New Online Magazine, Synth & Software, Builds On Legacy Of Keyboard, EM Magazines

Electronic music media veteran Geary Yelton let us know about his latest project, Synth And Software – a new online magazine described as ‘the most authoritative voice you’ll find on synthesizers, software instruments, soundware, effects, DAWs, and other gear you rely on every day.’

Yelton brings decades of experience as an editor and contributor to Electronic Musician, Keyboard, Mix and other magazines. Yelton has teamed up with former NewBay Media group publisher Joe Perry and Web publisher Venus Imaging Education to create Synth And Software – a free web-based monthly magazine, designed to inspire electronic music producers and performers.

Here’s what they have to say about the concept for the new online magazine:

SYNTH AND SOFTWARE is a lot like traditional magazines for musicians, but without any paper, printing, postal costs, or subscription fees.

Best of all, we don’t answer to corporate overlords.

Monthly features and reviews go live on the first of every month, with additional content posted frequently until the next issue. SYNTH AND SOFTWARE delivers engaging feature stories, artist interviews, manufacturer profiles, product reviews from experts you trust, and much more.

The contents of the inaugural issue include:

  • A virtual tour of the new Moogseum in Asheville, North Carolina, spotlighting an interview with the Bob Moog Foundation’s Michelle Moog-Koussa and details about the museum’s informative exhibits
  • Electronic instrument designer Roger Linn’s perspective on controllers that leverage MIDI Polyphonic Expression, including the ROLI Seaboard, LinnStrument, and Haken Continuum
  • Geary Yelton’s review of Arturia’s comprehensive bundle of classic synth emulations, V Collection 7
  • Former EM editor-in-chief Gino Robair’s monthly series, “This Month’s Module,” in which he reviews Eurorack and other modular synth gear
  • A tutorial section called “Synth Academy,” this month featuring Larry the O’s tips on making your synth patches as subtle as acoustic instruments
  • “Modular Connections,” featuring excerpts from Kim Bjørn and Chris Meyer’s comprehensive book on modular synthesis, Patch & Tweak

Expect to see the inaugural issue on August 1 at the Synth And Software site.

16 thoughts on “New Online Magazine, Synth & Software, Builds On Legacy Of Keyboard, EM Magazines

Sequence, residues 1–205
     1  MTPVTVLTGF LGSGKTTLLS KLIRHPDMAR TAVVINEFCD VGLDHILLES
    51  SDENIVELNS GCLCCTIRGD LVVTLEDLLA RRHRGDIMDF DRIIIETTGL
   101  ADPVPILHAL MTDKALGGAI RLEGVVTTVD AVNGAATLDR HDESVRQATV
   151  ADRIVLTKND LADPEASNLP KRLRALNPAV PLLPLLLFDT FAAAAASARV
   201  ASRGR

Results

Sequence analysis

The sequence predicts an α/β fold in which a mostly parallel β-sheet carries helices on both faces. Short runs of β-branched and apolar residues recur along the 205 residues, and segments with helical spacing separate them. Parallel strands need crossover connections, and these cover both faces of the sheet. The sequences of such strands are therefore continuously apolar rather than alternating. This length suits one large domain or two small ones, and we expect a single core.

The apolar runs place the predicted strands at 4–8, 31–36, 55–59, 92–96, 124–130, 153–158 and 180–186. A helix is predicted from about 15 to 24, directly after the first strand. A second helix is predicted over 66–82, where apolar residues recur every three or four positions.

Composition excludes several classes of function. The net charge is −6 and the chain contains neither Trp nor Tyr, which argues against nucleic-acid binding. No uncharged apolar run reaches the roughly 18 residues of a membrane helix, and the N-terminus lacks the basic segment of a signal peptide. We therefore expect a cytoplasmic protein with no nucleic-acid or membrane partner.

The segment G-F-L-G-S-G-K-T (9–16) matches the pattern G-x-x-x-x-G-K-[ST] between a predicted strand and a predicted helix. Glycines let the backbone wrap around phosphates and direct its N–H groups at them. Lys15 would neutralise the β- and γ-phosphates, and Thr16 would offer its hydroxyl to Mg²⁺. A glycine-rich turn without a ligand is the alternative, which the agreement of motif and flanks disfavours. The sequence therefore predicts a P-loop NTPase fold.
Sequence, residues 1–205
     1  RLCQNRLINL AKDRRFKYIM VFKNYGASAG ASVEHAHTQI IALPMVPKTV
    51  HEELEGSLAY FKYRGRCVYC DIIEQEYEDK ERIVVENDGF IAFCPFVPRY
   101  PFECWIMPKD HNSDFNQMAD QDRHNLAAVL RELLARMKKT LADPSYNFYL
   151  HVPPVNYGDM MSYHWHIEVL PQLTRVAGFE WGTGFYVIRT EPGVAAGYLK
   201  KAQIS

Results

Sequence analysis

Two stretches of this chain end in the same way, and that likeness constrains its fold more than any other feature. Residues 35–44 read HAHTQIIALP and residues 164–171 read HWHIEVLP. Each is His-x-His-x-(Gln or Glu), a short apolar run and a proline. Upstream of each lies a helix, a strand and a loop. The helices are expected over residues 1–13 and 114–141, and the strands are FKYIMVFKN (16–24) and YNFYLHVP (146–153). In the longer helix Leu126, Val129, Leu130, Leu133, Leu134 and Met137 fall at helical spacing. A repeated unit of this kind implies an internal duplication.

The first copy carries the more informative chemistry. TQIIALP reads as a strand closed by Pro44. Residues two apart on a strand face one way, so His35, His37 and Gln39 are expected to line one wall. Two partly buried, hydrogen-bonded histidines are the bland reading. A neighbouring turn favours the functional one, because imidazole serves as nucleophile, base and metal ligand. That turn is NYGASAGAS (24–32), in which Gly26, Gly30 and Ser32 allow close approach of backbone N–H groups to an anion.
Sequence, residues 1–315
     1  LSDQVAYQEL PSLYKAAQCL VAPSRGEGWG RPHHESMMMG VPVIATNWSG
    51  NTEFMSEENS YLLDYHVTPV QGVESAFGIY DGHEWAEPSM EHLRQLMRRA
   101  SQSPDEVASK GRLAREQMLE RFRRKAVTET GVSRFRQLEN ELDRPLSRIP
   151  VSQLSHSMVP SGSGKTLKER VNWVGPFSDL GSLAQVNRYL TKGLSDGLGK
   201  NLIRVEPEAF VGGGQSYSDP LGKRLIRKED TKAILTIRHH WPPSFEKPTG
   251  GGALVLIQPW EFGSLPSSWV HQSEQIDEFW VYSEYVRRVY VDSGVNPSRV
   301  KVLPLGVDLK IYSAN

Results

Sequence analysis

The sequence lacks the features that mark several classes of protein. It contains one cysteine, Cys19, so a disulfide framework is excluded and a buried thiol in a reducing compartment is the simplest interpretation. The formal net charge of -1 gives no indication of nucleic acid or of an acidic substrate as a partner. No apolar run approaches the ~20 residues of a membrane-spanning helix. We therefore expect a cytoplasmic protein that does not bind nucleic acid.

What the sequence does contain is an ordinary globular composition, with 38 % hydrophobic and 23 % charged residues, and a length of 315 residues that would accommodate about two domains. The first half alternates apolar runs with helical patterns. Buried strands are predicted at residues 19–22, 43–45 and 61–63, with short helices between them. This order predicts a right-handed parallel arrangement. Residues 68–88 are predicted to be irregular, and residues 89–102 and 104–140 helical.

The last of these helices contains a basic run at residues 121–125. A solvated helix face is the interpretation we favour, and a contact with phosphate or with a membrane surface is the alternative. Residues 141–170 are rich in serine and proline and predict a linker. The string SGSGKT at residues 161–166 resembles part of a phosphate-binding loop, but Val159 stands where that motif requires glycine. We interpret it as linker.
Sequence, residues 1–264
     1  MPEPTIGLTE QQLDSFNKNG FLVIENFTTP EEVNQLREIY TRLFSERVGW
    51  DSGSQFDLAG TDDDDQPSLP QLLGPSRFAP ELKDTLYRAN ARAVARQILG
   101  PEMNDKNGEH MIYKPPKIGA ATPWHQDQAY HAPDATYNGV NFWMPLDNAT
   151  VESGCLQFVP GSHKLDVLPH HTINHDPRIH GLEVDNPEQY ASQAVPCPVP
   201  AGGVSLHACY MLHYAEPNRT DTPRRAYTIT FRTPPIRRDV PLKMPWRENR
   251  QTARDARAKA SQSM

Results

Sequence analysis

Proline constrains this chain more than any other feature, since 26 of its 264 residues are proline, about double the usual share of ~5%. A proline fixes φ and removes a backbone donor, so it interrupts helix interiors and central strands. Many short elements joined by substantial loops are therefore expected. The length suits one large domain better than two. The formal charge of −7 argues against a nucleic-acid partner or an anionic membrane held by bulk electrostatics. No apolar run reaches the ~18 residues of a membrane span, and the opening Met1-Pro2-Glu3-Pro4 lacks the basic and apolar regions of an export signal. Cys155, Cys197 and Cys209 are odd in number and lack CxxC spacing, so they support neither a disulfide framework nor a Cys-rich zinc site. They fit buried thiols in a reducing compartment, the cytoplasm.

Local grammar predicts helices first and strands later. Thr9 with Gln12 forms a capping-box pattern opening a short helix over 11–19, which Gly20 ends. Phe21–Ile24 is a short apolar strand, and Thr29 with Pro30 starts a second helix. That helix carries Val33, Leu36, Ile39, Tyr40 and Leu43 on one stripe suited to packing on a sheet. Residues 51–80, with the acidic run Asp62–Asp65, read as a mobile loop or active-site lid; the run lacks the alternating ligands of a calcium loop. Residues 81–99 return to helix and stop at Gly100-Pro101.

1. I’d like to subscribe, but its an insulting throwback to use very blurry CAPTCHA robots against us to do it. That crap is as recidivist as JAVA. I’d love to have back the time I wasted clicking on this stone-aged utility in the past. C’mon! No sale, so to speak.

    1. You’re deciding not to sign up because you didn’t want to click a box? Would it be so bad to fill out a real captcha if there was one? I guess you don’t want to read their magazine. That’s okay.

  2. Shouldn’t a “real” captcha series *not* be Vaseline-lens blurry? Is that a bus or a caterpillar on a windshield? No way to be sure at that res, leading to a roulette wheel of clicking and resets. WAVEFORM is a quality, free online synth magazine and I actually click on the ads out of appreciation. (Especially recommended for modular players.) Of course free is enough and this looks wholly worthwhile. I just wondered why I was offered a nice cheeseburger and then told “but you have to eat this moth first.” Honestly, I’d pay to get this minus the >captcha<! 😀

      1. We think there’s room for lots of approaches to covering synths and the world of electronic music. There’s especially a need for in-depth original content, and Geary Yelton brings decades of experience to this. We hope that Geary, and Synth and Software, can help fill that gap.

  3. I welcome more music/synth magazines!! I also think “synth and software” is cool since it recognizes the transformative effects of soft synths, music apps, DAWs, sequencers, score editors, and other great music-making software. We are really spoiled these days with amazing tech like DAWs that can output CV to a modular rig, hardware synths sporting FPGAs so you can add new oscillator types, etc..

    And I don’t think it will damage Synthtopia at all; given the popularity of electronic music, the explosion of awesome synth hardware (and software), and with the many ways that musicians all over the world can interact via the internet, there is almost certainly room for growth in this space.

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